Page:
My grandfather had three siblings, all of whom I met, though one died when I was quite young. I am told that my mother brought me to see him when he was sick in the hospital, but I can’t clearly picture the scene. His sister and remaining brother both look somewhat like him, a resemblance I became more aware of after my grandfather died. It was quite a shock for me to notice that; seeing my great-uncle at a wedding ceremony of a cousin, looking like my grandfather – with the addition of a white beard. The closest my grandfather ever came to having a beard was when he was sick in the hospital at the end of his life, but that is not the image that first comes to mind when I think of my Zaidy.

Yachad Takes Quadriplegic Youth on a Trip of a Lifetime

Saturday, July 21st, 2012

When no one would take Zack Pollak on a trip to Israel, Yachad was there. He, along with 75 other Yachad members and high school students, left last Sunday afternoon for five weeks in Israel on the Yachad summer program Yad B’Yad (YBY – “Hand in hand”).

Special arrangements were made for Zack, who has quadriplegia caused by cerebral palsy. Zack is restricted to mostly a wheelchair or a similar device. As a member of Senior Yachad, the 17-year-old from Passaic, NJ, often participates in Yachad Shabbatonim.

Yachad/The National Jewish Council for Disabilities (NJCD), an agency of the Orthodox Union, is a non-profit organization dedicated to enhancing the opportunities of individuals with disabilities, ensuring their participation in the full spectrum of Jewish life. Yachad/NJCD promotes Inclusion for these individuals through various integrated activities.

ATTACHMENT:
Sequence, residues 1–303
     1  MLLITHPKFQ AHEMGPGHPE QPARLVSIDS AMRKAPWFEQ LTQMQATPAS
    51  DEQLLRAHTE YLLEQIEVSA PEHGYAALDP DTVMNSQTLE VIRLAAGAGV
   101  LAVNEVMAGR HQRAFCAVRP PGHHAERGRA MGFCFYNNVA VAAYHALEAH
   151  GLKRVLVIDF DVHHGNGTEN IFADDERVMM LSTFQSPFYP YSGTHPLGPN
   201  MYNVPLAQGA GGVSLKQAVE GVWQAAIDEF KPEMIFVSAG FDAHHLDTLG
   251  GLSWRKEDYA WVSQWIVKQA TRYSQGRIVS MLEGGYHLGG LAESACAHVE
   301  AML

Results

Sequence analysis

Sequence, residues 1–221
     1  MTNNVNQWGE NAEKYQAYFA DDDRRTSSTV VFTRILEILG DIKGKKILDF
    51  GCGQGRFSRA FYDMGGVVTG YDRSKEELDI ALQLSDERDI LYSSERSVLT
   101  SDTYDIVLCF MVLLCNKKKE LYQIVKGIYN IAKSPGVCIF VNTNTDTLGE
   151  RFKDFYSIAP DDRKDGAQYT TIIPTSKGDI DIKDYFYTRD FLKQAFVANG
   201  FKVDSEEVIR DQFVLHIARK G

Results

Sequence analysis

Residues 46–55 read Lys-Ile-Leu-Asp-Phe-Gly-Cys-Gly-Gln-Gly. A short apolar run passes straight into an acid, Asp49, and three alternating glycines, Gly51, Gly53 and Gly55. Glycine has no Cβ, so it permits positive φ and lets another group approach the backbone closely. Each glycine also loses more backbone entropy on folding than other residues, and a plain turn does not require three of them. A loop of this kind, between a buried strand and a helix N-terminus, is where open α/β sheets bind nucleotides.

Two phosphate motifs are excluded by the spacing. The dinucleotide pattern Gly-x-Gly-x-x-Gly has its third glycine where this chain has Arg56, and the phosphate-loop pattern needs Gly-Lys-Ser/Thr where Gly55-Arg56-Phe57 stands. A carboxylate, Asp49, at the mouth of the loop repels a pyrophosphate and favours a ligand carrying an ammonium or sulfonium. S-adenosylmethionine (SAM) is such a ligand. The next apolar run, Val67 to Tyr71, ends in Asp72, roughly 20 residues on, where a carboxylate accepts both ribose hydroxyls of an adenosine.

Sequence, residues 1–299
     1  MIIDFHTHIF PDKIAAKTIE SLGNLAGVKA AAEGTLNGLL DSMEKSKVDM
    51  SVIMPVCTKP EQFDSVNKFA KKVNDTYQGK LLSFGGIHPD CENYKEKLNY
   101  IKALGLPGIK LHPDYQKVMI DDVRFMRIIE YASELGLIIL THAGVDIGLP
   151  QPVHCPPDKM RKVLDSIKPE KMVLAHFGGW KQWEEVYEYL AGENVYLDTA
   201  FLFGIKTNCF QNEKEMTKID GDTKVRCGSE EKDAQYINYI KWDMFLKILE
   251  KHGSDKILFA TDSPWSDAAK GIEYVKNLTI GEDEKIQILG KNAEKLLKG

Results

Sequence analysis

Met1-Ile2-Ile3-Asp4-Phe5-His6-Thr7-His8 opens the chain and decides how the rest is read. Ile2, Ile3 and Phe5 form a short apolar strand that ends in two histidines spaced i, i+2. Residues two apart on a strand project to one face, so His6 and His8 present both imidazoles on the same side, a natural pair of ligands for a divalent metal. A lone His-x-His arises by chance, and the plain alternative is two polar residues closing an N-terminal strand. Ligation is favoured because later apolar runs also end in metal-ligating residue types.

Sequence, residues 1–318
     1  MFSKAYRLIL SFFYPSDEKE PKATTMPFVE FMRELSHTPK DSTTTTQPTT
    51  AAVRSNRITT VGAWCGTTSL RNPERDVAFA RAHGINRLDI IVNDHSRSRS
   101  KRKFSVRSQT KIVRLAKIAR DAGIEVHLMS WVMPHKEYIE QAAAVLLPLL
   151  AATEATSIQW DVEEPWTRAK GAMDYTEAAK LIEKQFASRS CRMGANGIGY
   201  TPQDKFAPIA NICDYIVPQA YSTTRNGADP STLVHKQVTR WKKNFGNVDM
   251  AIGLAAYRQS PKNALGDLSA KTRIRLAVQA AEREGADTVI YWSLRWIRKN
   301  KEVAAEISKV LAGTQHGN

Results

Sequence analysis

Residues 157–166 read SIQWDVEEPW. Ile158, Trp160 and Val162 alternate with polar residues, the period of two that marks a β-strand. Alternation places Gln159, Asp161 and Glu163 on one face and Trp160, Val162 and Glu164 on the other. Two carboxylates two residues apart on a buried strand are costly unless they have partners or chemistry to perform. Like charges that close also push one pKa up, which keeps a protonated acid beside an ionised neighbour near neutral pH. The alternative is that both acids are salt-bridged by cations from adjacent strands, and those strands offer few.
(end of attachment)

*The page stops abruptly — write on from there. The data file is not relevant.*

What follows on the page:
The Yad B’Yad Israel Experience brings high school students together with Yachad members (adults and teens with special needs) to experience the Jewish homeland, Israel, in a new and unparalleled way. Yachad members experience Israel just as their peers do – touring Jerusalem; visiting an Israeli army base, the Sea of Galilee and the Dead Sea; riding camels; hiking up Masada; volunteering in a soup kitchen and visiting underprivileged children; and participating in special Shabbat programs.

Yachad has already spent close to $10,000 on top of the normal cost to make the trip accessible specifically for Zack, noted Eli Hagler, Assistant Director of Yachad.

Hagler stated, “Because Zack needed a wheelchair accessible program, other trips and programs have not been willing to take the necessary steps. It’s a big undertaking. Zack is a very social teenager, but has often been placed in settings and camps where he socialized with the staff – Yad B’Yad will be so much more than that for him. On YBY, Yachad has arranged for Zack a way to socialize and fully participate with 75 of his peers. Yachad sees the added benefit to both the participant and the rest of the group in making this trip accessible to anyone who wants to attend. Yachad’s tagline, Because Everyone Belongs, could not be more true than in this case. We did what we had to do in order to make Yad B’Yad a trip that anyone and everyone could enjoy.”

To accommodate Zack’s full participation, Yachad ordered a van to hold his wheelchair and other supplies while he traveled on one of two group buses; coordinated only tour routes that were wheelchair accessible; arranged to stay only at hotels and visiting sites that were wheelchair accessible; brought along adaptive equipment such as a special wheelchair designed to help Zack travel on rockier, narrower, and more challenging terrain.